. this as the u.s. is flying plain kets an water and other aid in next door tunisia. >> she is considered armed and dangerous. the owner of a texas daycare center on the most wanted fugitive list. 22-year-old jessica tata on the run after she allegedly started a fire that killed 4 children at the daycare center. she may have fled to nigeria. she faces nearly 30 criminal charges including four counts of manslaughter. >>> days after launching a manhunt for the so-called ooets coast rapist connecticut police nabbed a man they say is behind a sexual assault on 17 women in four states since 97. he is 39-year-old aaron thomas. authorities described the east coast rapist as a cold and fearness predator who used a gun knife or broken glass to over power them. a false bomb threat happened in kingst kingston. 46-year-old david bernard called authorities saying another worker was going to bomb the cargo flight. he had a vendetta against the other worker. >>> just getting up the crew of space shuttle discovery is hard at work after being rocked out of bed by the band bowling for soup. ♪ come back to texa
and frustration from muslim americans before some capitol hill hearings this week. they say the u.s. government is unfairly targeting them because of their religion. >>> you know she's got the golden touch. oprah winfrey has a knack for identifying new tv talent. we're going to meet a young comic in a wheelchair who is so promising he's landed his own show. >> on her network. inspiring story. >>> the fighting in libya has escalated drastically. gadhafi's military used gun ships, helicopters and rockets. to pound rebel forces. >> hospitals are now trying to cope with the constant flow of wounded fighters. lama hasan reports from benghazi. >> reporter: fierce battles raged on sunday's rebel fighters pushing westward toward tripoli were met by air attacks and ground forces loyal to libya's leader moammar gadhafi. >> all i saw is bombs and bullets. we were trying to escape and come back. i was begging everybody to, like, give me a ride. it was really scary. >> reporter: front line now appears to lie between two towns. they were telling us it was too dangerous to proceed.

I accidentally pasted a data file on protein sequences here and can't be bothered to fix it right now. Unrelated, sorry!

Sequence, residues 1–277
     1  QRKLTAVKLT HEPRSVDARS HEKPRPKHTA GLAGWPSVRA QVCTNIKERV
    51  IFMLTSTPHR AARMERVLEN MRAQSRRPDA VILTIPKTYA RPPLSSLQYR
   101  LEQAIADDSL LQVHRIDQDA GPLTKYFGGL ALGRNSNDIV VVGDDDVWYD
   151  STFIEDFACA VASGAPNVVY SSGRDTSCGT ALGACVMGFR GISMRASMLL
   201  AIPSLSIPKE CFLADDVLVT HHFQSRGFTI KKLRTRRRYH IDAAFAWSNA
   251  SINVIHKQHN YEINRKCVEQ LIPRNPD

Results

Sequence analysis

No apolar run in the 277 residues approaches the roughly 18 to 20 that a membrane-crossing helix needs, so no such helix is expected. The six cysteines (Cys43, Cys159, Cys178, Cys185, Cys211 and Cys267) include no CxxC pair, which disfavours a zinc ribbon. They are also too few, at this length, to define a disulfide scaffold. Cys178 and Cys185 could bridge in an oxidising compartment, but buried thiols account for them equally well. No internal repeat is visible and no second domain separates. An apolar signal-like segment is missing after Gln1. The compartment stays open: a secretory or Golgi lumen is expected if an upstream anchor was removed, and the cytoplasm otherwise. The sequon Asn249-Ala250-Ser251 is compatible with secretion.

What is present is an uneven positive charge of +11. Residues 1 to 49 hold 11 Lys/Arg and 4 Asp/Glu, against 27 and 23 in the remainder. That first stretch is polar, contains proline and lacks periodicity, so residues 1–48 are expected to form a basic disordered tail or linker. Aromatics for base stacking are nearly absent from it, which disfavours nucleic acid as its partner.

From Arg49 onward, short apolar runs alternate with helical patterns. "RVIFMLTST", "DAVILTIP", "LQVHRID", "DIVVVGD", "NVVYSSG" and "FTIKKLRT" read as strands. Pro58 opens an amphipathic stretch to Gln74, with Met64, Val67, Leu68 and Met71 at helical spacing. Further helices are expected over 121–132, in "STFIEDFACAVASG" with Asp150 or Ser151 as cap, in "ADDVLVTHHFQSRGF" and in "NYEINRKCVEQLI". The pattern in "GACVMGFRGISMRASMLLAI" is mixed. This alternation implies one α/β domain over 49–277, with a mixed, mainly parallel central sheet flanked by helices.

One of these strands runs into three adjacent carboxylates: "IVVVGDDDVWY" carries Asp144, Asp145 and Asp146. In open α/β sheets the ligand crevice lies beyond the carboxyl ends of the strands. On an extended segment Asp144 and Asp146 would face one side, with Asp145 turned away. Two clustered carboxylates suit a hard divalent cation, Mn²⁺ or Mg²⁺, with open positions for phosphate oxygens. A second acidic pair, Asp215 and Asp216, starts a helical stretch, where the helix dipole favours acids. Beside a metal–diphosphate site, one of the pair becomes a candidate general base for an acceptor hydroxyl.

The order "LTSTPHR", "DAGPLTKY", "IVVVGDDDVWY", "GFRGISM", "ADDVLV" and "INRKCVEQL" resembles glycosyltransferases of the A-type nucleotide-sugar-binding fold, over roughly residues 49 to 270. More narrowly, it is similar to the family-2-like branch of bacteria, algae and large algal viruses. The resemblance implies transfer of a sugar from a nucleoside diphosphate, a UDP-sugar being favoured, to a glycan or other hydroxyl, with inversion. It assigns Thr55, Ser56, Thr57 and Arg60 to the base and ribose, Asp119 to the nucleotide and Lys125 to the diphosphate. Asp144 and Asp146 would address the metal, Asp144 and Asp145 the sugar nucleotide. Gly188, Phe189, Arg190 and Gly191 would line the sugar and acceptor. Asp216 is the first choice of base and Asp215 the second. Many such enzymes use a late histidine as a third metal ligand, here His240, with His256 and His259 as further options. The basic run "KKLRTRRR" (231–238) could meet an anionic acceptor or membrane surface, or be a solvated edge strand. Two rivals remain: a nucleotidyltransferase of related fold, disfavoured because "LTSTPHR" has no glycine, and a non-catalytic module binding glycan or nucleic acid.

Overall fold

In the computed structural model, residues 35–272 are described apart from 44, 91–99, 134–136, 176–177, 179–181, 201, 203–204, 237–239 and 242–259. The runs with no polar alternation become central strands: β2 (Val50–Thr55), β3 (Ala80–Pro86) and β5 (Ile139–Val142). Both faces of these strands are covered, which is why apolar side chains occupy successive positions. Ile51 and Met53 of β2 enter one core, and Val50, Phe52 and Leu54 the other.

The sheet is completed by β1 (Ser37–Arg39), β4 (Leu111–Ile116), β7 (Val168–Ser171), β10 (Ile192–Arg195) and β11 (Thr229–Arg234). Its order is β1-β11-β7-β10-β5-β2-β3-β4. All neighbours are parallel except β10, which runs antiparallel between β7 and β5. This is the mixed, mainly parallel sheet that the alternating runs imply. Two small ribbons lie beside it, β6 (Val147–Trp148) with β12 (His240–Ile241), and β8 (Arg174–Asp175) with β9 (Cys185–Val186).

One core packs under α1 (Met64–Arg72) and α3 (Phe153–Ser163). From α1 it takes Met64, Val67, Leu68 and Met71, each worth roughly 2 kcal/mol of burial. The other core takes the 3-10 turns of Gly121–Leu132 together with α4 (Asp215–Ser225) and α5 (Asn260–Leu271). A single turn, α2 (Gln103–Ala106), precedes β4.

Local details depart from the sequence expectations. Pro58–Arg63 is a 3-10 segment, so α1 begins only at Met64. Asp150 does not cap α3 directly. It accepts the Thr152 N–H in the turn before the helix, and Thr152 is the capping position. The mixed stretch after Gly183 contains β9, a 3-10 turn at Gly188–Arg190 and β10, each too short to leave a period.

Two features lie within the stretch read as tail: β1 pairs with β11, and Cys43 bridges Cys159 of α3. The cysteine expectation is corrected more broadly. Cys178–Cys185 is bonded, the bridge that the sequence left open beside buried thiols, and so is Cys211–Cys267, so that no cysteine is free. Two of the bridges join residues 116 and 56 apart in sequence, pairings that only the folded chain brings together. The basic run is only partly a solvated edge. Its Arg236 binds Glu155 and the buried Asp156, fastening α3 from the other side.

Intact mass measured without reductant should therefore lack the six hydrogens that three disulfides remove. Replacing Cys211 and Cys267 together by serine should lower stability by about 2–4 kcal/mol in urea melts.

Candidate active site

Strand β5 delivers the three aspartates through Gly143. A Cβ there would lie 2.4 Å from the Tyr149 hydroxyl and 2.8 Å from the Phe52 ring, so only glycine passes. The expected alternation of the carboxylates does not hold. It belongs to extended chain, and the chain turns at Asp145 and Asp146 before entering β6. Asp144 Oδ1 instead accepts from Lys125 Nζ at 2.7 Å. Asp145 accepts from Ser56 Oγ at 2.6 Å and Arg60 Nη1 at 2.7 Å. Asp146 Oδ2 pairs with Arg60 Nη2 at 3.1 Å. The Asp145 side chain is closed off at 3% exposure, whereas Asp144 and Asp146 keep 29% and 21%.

role in north africa countries where people used them to organize rebellions. the u.s. federal government is also concerned about the impact of social media on trial jurors. when former giants home run barry bonds begins his federal perjury trial in two weeks, members of the jury could be asked to hand over i-phones, blackberry's and other digital devices when court is in session. bonds' defense team proposes warning jurors they could be held in contempt of court for doing any electronic research on the case. charlie sheen is continuing his media blitz. last night he debuted a new life stream web show called sheen's corner. he hosted the show while several people sat nearby including one of his live-in girlfriends. the actor showed off his latest tattoo bearing his new phrase winning written across his wrist. he was build a premier episode and the actor is indicating he'll do another show. one point sheen had 115,000 people watching. archbishop desmond too too will preach at 11:00 this morning. the no bell laureate shown here on stage at the world cup soccer tournament last yea
the eastern half of the country. increasingly the u.s. and nato seem more comfortable doing business with this man, mustafa al jaleel, now tasked with forming a government. he said he needs one favor from the west -- a no-fly zone. [ speaking in a foreign language ] >> reporter: we want an air space embargo to keep gadhafi from bringing in mercenaries from africa. we'll do the rest. ratcheting up pressure on gadhafi, secretary of state clinton said a no-fly zone is on the table. >> the people of libya made themselves clear. it is time for gadhafi to go. now without further violence or delay. >> reporter: gadhafi is not listening. civil war seems imminent and the exodus of thousands of refugees along libya's borders every day will likely only grow. still, it doesn't have to be bloody. libya experts say if several of gadhafi's inner circle decide tole bolt the game is over. so far, meredith, that hasn't happened. back to you. >> jim maceda, thank you very much. susan wright is the ambassador to the united nations. >> good morning, meredith. >> you have called gadhafi delusional and dis